How the Economy Impacts Selling

Remember when the tech bubble was still inflated and home values were increasing? Economically speaking, there's no doubt that times are markedly tougher today than they were in the late 1990s.

The U.S. economy runs in cycles, and we're now living through a valley. While nobody knows exactly when the economy will turn around or how quickly it will rebound, life goes on -- and so do car sales.

So if you're interested in selling or buying a vehicle, what does the state of the economy mean to you?

Good News for Sellers
Used car reduced for sale.The good news is that even with a down economy, the demand for used vehicles is expected to rise. CNW Marketing Research, which studies automotive trends, predicts that used car sales in 2009 will reach 39 million units, up almost 10% over 2008 figures.

Stephanie Brinley, senior product analyst at Auto Pacific, identified two issues that are positively influencing the used vehicle market.

"With just minor regular maintenance, modern cars can easily last ten or more years, so buying a used car isn't the gamble it used to be," she says. "Also, with the decline in availability of leases for new vehicles, drivers who used to lease are looking to buy late-model used cars because they're affordable, like leases are, but still in style despite not being new."

Several industry studies prove Brinley’s point. The average age of the U.S. vehicle fleet is on the rise (it's currently about 10 years). This corresponds to a year-over-year decrease in vehicle scrapping rates, meaning fewer vehicles have been going to the crusher.

New “Used" Buyers
James Bell, editor and publisher of IntelliChoice.com, sees the demand for used cars increasing because of the new generation of car buyers. According to Bell, "A huge portion of the Echo Boomer generation is coming of driving age, and these younger buyers will likely buy used instead of new. It's all based on economics."

Echo Boomers are generally classified as being born between 1979 and 1994, so these buyers tend to be younger and have less access to credit. Bell believes they’ll be shopping for models that help keep their pocketbooks in check.

"Definitely they will stay away from traditional sedans," he says. "They're too boring. Because these people were raised in families that drove SUVs, they're going to be looking for practicality, but without high fuel consumption.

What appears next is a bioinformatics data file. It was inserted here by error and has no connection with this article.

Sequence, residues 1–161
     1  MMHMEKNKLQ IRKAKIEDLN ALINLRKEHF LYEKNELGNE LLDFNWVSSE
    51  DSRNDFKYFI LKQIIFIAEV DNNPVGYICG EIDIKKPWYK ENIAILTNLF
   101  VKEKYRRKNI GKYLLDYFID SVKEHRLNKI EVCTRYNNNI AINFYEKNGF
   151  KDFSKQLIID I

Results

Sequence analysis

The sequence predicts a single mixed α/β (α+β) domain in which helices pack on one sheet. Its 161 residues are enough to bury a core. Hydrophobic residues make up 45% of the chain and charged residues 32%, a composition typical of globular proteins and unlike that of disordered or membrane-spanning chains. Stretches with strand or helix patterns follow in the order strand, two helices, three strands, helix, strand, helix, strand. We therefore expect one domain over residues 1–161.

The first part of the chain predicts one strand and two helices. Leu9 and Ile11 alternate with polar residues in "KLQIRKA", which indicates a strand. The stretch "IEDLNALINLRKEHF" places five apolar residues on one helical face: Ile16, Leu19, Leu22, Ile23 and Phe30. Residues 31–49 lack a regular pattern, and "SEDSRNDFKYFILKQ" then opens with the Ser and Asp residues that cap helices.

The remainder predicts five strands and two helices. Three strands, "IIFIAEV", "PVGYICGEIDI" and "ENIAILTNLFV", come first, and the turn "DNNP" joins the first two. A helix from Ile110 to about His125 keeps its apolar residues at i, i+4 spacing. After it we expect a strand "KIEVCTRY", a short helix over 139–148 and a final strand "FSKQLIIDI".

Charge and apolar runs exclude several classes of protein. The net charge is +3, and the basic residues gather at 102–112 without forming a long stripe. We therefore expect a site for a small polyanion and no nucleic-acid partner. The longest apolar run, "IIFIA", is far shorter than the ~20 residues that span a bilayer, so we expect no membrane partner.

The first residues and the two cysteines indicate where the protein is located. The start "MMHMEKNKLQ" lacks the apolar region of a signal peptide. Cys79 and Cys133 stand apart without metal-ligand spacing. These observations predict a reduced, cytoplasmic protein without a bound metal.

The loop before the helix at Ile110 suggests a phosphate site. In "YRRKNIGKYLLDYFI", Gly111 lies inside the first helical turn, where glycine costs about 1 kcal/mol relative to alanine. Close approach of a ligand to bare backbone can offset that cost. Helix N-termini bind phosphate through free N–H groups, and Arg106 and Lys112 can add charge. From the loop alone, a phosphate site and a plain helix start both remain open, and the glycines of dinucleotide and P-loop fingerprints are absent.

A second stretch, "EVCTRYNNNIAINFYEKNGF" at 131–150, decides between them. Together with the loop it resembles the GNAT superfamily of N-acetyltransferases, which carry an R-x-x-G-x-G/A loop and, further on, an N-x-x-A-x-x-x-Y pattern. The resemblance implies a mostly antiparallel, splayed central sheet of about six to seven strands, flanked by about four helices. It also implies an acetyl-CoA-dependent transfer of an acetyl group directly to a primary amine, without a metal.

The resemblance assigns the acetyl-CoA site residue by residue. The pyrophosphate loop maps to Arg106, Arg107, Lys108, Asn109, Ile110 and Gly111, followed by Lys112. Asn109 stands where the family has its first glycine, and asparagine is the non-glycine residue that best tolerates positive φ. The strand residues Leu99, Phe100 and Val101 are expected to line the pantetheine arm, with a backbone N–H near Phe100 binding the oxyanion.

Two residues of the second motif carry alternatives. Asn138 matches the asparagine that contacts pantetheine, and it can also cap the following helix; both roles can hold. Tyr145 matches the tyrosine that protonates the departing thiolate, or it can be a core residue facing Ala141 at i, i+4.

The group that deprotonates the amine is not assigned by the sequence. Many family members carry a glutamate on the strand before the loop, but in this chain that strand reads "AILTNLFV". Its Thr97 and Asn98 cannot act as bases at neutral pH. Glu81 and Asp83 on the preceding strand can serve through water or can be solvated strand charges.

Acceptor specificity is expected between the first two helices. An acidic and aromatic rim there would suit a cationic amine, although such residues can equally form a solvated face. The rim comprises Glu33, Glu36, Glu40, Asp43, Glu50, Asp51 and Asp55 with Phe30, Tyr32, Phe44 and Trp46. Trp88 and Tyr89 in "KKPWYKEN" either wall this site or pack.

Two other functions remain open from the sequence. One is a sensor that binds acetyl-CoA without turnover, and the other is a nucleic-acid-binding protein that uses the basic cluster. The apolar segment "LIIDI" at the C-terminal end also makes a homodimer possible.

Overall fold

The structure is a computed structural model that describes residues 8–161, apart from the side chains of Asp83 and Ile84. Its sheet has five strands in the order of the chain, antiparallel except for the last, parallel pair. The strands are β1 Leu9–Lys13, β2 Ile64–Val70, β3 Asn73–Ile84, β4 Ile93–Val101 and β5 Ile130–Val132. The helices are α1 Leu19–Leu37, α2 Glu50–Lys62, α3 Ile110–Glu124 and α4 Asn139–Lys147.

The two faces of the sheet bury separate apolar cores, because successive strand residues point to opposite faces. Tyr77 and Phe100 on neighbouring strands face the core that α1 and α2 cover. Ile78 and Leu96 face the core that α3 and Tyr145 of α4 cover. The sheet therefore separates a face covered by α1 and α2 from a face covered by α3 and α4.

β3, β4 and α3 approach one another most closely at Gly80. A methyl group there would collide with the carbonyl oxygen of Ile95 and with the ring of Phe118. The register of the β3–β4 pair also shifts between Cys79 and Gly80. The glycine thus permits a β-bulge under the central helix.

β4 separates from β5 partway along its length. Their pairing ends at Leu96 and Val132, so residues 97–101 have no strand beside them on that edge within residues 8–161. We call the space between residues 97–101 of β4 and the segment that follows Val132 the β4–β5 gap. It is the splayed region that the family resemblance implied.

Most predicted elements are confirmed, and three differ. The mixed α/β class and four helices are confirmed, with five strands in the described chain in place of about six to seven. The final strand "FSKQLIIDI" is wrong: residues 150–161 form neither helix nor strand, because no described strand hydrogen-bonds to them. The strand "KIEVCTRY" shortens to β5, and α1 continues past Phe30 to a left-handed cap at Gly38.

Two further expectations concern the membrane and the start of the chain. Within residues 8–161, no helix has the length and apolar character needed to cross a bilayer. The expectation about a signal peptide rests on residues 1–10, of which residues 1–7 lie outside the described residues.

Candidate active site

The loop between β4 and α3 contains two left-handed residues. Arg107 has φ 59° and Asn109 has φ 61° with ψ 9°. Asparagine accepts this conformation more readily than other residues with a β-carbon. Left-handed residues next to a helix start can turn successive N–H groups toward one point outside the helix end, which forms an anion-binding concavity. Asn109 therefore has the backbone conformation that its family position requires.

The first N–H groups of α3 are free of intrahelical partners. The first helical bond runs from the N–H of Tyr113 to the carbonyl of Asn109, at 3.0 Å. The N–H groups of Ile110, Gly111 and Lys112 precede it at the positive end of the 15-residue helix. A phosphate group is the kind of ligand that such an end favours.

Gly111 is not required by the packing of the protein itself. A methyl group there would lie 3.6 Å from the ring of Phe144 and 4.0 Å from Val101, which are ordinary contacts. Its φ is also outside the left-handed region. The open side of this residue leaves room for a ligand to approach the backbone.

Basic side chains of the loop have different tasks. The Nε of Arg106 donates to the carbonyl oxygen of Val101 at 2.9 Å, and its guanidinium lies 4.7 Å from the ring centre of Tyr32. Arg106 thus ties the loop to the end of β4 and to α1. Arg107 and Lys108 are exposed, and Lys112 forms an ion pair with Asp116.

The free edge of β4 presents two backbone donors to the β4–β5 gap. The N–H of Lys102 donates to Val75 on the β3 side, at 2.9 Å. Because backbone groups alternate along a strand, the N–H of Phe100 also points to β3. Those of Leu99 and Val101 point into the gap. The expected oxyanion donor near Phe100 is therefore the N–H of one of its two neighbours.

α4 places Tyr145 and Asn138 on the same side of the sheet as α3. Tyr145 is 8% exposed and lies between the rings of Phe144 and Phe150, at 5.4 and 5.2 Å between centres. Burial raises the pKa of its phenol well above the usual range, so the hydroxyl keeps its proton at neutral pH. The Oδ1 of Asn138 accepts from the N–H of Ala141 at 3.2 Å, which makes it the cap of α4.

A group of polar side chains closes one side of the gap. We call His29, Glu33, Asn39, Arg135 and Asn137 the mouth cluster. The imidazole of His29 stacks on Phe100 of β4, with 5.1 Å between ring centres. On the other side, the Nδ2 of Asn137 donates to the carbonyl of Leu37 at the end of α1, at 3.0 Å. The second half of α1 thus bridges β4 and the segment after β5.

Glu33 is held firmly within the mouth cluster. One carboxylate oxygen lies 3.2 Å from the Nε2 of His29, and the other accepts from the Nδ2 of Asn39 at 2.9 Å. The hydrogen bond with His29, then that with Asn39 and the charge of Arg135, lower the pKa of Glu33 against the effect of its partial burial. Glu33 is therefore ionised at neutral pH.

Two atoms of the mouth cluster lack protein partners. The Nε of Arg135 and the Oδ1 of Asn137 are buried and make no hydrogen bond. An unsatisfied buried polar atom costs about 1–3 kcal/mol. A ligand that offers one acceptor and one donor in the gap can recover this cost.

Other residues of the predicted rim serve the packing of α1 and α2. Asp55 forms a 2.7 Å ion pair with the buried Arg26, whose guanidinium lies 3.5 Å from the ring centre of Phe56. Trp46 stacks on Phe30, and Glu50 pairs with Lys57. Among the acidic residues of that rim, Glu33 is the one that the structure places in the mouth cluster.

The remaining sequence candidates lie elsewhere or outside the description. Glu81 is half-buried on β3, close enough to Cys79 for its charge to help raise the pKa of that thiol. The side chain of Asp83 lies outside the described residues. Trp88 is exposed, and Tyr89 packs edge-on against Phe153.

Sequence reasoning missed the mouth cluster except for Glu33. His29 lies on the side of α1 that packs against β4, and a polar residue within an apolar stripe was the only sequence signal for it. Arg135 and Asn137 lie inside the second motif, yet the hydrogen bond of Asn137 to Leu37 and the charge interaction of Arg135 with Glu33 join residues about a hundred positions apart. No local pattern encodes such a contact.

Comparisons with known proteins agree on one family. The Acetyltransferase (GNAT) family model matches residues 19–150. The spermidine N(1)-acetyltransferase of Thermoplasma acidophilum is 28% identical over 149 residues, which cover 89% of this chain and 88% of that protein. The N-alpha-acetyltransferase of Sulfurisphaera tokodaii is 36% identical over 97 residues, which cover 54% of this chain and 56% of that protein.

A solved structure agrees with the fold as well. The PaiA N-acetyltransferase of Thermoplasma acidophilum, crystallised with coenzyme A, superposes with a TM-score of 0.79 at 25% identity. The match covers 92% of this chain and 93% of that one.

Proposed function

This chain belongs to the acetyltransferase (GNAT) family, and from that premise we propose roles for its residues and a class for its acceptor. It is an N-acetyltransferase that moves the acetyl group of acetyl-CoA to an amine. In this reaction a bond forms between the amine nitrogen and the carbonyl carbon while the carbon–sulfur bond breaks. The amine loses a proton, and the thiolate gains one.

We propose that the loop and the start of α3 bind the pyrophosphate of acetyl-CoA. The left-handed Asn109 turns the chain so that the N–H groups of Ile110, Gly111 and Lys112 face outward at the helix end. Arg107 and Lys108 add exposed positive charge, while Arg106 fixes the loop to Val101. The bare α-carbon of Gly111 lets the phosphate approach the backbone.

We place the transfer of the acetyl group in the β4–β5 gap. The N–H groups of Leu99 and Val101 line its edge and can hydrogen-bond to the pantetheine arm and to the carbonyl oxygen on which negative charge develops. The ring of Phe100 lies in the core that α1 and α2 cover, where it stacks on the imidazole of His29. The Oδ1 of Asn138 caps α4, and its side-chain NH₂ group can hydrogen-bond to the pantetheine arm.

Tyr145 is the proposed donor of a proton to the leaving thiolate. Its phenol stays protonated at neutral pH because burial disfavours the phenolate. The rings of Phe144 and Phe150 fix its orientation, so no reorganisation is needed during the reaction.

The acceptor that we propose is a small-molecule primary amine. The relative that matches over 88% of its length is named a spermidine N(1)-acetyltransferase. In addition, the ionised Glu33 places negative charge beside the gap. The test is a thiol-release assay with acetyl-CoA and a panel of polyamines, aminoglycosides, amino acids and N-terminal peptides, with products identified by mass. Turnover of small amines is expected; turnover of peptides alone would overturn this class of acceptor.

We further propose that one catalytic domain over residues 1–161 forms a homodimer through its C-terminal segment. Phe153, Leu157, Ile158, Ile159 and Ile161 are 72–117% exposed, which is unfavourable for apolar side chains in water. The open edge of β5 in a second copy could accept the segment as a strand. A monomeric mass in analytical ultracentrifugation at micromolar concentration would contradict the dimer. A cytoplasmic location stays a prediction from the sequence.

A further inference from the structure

"I think hatchbacks and crossovers will prove to be popular with them," Bell continues. "Minivans might even be OK. These drivers aren't old enough to feel the stigma attached to minivans that Gen-Y drivers acted on when they totally abandoned that class of vehicles."

Two other demographics represented in the "new 'used' buyers" set are worth noting here. First, consumers over the age of 65. They were among those hardest hit by the downfall of the economy and will likely not be able to buy a new car. But they still need transportation, so buying used is generally a more viable option, at least for the time being.

Second are consumers in the 40-60-year-old range. Many are still financially stable and will likely buy a car (possibly even a new one), but they are delaying the purchase for now, and are more open to considering used than they might otherwise have been.

Helpful Tips
One of the best things you can do to build trust and close the sale is to provide complete documentation, full disclosure of any accidents or mechanical issues, and a warranty if one is still in place. Now more than ever, car shoppers are looking for vehicles with complete service records and warranties so they have recourse for action from a dealer.

You should also plan your ad carefully and prepare your vehicle to look and run great when prospects start calling. If you’re planning to buy a car, use the AutoTrader.com pricing tool to research the value of the vehicle you have in mind.

With patience, you may find the perfect vehicle at the perfect price -- or locate the buyer who wants exactly the vehicle you're selling. The process takes effort, but it will pay off.

 

Rex Roy is a widely published journalist from Detroit. His work appears in The Detroit News, The New York Times, AOL, and WindingRoad.com.